It’s been 15 years and five movies since the very first Resident Evil, and to hear director Paul W.S. Anderson (who’s been with the franchise since the very first film) tell it, Resident Evil: The Final Chapter, will be the official end to the video game series. “It’s been an incredible ride,” Anderson said at today’s New York Comic-Con panel, “we wouldn’t be here without the fans.” It’s certainly difficult to say goodbye to Alice and the entire, stretching mythology of the series, but if the latest trailer is any indication, the final send-off has all of the elements to potentially be the best installment since the first. In fact, Anderson goes one further – “this going to be the best movie in the franchise,” he grinned to the afternoon Comic-Con crowd.
Picking up directly after the events of Resident Evil: Retribution, Alice (Milla Jovovich) will return to Raccoon City, where the Umbrella Corporation is gathering strength, and, of course, planning to wipe out the remainder of civilization. Joining forces with the returning Claire Redfield (Ali Larter) and a plethora of new faces (including Orange is the New Black’s Ruby Rose), Alice will fight one last time to save the world from extinction.
Backstage at Resident Evil’s massive Comic-Con event, I had the chance to speak with Anderson about how much the film will wrap up the series, the new monsters he’ll be bringing out for the last chapter, how he’s handling 3D this time around, and just how scary The Final Chapter is going to be.
COLLIDER: How’s it going?
PAUL W.S. ANDERSON: It’s great.
I don’t want to badger you about why the franchise is ending – but I do want to ask, how full circle are you taking this? You guys are going back to Raccoon City, but how kind of whole is this ending going to be? How much are you kind of tying into the first film?
ANDERSON: I mean, the most important thing is I mean obviously it’s a return, physically it’s a return to Raccoon City and it’s a journey back to where the franchise began, back to the hive. I think more importantly it’s a journey of discovery for Milla’s character, Alice. Because when we introduced her in the very first movies, you had a protagonist who had memory loss and that memory has never come back. So you really have a woman who doesn’t really know who she is at the center of the franchise and I think that’s a question mark that has always been hanging over the franchise. This movie narrative wise is not just a physical return to the beginning, when the movie began, it’s kind of a journey for her to discover the truth about herself. The truth about the umbrella corporation and what its real agenda is and the truth about the Red Queen as well. So a lot of those questions that have been hanging over the franchise get answered in this movie. So it’s not just a journey back to the beginning I mean it is, you kind of fill in the blanks that were left with the first movie. So a lot of these things I had in my mind when I read the first movie and you know only in my wildest dreams would I imagine that we would be here like six movies later. But I always thought you know if I did get to kind of bring the franchise if there was a franchise to a conclusion this is the way I would do it. So I’m getting to use a lot of ideas that I had fifteen years ago to kind of tie everything up.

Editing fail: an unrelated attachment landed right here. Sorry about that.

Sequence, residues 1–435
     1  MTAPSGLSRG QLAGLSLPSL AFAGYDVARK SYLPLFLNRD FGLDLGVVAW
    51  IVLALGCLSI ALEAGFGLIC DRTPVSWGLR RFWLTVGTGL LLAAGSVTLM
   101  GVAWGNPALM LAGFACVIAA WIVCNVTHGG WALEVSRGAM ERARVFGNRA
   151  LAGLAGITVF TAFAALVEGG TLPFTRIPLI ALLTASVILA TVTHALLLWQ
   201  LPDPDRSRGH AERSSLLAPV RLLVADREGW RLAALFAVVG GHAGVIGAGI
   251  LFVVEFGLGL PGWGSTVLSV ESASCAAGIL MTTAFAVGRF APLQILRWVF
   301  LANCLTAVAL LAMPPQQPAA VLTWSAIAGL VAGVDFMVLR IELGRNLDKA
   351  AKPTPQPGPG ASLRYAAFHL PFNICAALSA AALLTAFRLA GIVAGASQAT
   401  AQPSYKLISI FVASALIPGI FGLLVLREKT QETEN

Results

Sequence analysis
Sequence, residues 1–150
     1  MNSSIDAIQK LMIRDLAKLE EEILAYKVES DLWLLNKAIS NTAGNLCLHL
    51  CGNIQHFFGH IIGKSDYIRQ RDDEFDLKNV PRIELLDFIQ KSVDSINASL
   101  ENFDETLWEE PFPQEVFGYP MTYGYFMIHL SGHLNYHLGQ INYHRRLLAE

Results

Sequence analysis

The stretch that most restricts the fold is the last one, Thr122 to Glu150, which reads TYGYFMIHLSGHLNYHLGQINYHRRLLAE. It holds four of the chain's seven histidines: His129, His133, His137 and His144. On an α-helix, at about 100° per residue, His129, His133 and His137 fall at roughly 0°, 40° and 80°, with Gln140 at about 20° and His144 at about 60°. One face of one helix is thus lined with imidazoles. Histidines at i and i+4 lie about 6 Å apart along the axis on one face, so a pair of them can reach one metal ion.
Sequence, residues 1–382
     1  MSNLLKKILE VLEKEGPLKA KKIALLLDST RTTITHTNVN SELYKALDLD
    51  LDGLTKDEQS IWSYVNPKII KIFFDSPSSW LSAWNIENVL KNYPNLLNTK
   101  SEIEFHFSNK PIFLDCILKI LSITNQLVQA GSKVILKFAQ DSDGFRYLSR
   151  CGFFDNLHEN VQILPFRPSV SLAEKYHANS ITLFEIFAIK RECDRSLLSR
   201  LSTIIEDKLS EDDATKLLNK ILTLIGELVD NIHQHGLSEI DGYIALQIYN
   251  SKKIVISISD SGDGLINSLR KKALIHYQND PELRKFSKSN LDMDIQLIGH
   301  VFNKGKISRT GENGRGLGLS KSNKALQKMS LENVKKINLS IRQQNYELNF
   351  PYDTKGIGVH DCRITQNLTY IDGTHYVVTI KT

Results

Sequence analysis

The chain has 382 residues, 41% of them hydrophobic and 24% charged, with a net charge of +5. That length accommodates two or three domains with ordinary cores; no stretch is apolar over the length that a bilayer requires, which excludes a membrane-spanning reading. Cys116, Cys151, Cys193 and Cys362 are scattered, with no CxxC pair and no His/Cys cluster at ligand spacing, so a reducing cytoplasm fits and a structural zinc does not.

So speaking of new ideas, I’ve heard that there are some touches of the video game, specifically like the bloodshot, that you’re bringing in this movie is that true?
ANDERSON: Yeah, I mean it’s kind of like in a way it’s a return to the greatest hit of the franchise because we bring back some characters that I’ve loved from earlier installments like Ali’s character Claire Redfield and we bring back some of the creepsters from the first movies like the dogs. The dog scene is amazing, it’s the best we’ve ever done, the dogs. I feel like the dogs have always been a great concept and we’ve never — ya know because of the difficulty of working with real dogs, we’ve never quite done justice to them but this time the dog scene is amazing, I mean it’s off the hook scary and good and kinetic. So there’s returning favorites but then there’s also new creatures. The bloodshot from the last video game, which I think is the best monster from the last video game, he’s really ugly. Then there’s the Popokarimu, which that’s the big flying creature from the end of the last film that we use in this film properly, you know he was just teased in the last movies. I just called him a dragon because Popokarimu was too like…